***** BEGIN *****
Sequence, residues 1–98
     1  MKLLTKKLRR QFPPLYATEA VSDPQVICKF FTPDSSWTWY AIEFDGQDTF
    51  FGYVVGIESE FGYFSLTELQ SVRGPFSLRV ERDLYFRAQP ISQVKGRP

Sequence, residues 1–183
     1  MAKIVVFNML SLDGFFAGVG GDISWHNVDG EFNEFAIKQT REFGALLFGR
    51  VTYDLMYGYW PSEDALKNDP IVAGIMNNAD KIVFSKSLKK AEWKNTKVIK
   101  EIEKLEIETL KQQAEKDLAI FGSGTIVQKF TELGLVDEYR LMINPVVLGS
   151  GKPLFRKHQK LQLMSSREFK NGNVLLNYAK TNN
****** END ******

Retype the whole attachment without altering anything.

Sequence, residues 1–98
     1  MKLLTKKLRR QFPPLYATEA VSDPQVICKF FTPDSSWTWY AIEFDGQDTF
    51  FGYVVGIESE FGYFSLTELQ SVRGPFSLRV ERDLYFRAQP ISQVKGRP

Sequence, residues 1–183
     1  MAKIVVFNML SLDGFFAGVG GDISWHNVDG EFNEFAIKQT REFGALLFGR
    51  VTYDLMYGYW PSEDALKNDP IVAGIMNNAD KIVFSKSLKK AEWKNTKVIK
   101  EIEKLEIETL KQQAEKDLAI FGSGTIVQKF TELGLVDEYR LMINPVVLGS
   151  GKPLFRKHQK LQLMSSREFK NGNVLLNYAK TNN